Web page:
here for? Not poverty! sure I’d enough of that before ever I seen
Ameriky! What am I wallopin’ through the mud for this mornin’?”

“It’s your trade, Kennedy,” said Bader, with disgust.

“Be damned to you, man!” said the corporal, sternly. “When I touched
fut in New York, didn’t I swear that I’d never dhraw swoord more,
barrin’ it was agin the ould red tyrant and oprissor of me counthry?
Wasn’t I glad to be dhrivin’ me own hack next year in Philamedink like a
gintleman? Oh, the paice and the indipindence of it! But what cud I do
when the counthry that tuk me and was good to me wanted an ould
dhragoon? An Amerikin, ye say! Faith, the heart of me is Amerikin, if
I’m a bog throtter by the tongue. Mind that now, me bould man!”

Harry heard without heeding as the horses spattered on. Still wavered
in his ears the sounds of the dawn; still he saw the ghostlike forms of
Americans in gray tumbling back from their rush against the sacred flag
that had drooped so sadly over the smoke; and still, far away beyond all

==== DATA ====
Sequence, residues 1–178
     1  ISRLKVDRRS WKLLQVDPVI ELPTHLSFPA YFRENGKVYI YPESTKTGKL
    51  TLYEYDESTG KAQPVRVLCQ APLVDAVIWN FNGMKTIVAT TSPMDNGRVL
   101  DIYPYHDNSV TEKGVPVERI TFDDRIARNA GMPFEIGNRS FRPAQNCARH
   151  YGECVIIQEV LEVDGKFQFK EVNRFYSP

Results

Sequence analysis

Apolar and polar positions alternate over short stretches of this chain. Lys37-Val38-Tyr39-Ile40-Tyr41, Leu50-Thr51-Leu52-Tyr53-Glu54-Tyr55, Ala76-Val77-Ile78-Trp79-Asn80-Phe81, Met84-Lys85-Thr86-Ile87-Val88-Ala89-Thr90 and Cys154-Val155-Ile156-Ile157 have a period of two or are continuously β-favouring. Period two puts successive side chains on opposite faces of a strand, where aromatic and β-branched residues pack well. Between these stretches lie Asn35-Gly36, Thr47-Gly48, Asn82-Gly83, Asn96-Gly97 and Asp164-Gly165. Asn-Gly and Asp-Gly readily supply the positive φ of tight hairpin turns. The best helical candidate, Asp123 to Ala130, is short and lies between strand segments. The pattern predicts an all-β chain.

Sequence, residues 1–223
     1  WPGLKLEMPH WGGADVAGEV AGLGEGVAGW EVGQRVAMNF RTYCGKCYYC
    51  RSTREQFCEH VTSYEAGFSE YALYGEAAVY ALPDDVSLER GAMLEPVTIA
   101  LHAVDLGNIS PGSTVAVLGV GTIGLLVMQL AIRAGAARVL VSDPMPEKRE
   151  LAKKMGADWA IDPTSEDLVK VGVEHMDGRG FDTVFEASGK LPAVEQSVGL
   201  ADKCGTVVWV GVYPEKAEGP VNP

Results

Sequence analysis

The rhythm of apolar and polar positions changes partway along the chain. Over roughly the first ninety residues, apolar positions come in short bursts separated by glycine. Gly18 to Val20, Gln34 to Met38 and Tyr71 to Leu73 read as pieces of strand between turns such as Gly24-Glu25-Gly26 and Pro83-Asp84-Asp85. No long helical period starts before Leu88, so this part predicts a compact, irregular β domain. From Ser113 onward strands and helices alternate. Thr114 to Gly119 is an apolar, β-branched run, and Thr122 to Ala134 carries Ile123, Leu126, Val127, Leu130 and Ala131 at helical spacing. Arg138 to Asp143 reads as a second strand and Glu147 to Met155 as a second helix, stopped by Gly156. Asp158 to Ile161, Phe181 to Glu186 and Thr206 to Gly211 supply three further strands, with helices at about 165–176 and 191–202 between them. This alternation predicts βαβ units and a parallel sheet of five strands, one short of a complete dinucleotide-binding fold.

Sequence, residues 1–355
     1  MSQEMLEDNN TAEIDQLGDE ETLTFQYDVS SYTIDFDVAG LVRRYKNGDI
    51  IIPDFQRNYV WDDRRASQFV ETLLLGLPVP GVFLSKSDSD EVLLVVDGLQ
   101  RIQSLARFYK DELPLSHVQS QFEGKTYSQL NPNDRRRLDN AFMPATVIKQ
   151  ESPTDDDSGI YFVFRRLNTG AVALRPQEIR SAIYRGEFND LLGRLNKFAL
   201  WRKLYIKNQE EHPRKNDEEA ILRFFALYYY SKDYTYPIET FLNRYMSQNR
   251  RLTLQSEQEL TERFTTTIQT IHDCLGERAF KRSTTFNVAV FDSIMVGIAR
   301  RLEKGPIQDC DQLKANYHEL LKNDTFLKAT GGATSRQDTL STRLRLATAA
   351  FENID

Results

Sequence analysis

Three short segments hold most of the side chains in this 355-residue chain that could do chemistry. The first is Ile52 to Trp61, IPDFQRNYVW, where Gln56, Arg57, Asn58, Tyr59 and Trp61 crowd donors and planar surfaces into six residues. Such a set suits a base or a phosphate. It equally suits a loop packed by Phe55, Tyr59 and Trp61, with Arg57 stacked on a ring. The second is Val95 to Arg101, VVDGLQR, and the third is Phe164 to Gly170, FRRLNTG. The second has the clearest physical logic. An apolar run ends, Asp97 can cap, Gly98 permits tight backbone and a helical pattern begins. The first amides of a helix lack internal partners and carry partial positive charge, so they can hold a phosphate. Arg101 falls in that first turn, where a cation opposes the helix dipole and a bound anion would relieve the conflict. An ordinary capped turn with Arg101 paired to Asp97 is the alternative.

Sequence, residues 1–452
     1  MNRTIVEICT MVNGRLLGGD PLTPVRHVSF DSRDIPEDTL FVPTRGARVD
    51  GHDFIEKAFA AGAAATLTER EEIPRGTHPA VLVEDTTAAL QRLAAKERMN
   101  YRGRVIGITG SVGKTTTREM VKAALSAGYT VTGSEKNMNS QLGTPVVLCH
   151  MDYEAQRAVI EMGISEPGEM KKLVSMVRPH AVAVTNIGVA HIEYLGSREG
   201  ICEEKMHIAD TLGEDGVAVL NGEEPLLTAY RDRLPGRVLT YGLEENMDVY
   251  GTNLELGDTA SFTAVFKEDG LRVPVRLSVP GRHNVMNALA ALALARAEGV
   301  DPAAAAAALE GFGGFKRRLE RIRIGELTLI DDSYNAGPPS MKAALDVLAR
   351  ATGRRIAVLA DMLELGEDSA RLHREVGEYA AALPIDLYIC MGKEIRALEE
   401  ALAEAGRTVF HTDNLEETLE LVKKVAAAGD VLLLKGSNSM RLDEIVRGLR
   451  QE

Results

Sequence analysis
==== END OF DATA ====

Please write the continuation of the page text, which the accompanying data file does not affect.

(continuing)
this puddled and cumbered ground the dreamy boy saw millions of white
American faces, all haggard for news of the armies—some looking South,
some North, yearning for the Peace that had so long ago been the boon of
the Nation.

Now the regiment was upon the red clay of the dead fight, and brought to
halt in open columns. After a little they moved off again in fours,
and, dropping into single file, surrounded some thousands of disarmed
men, the remnant of the desperate brigades that Lee had flung through
the night across three lines of breastworks at the great fort they had
so nearly stormed. Poor drenched, shivering Johnnies! there they stood,
not a few of them in blue overcoats, but mostly in butternut, generally
tattered; some barefoot, some with feet bound in ragged sections of
blanket, many with toes and skin showing through crazy boots lashed on
with strips of cotton or with cord; many stoutly on foot, streaming
blood from head wounds.

Some lay groaning in the mud, while their comrades helped Union surgeons
to bind or amputate. Here and there groups huddled together in earnest
talk, or listened to comrades gesticulating and storming as they
recounted incidents of the long charge. But far the greater number
faced outward, at gaze upon the cavalry guard, and, silently munching
thick flat cakes of corn-bread, stared into the faces of the horsemen.
Harry Wallbridge, brought to the halt, faced half round in the saddle,
and looked with quick beatings of pity far and wide over the disorderly
crowd of weather-worn men.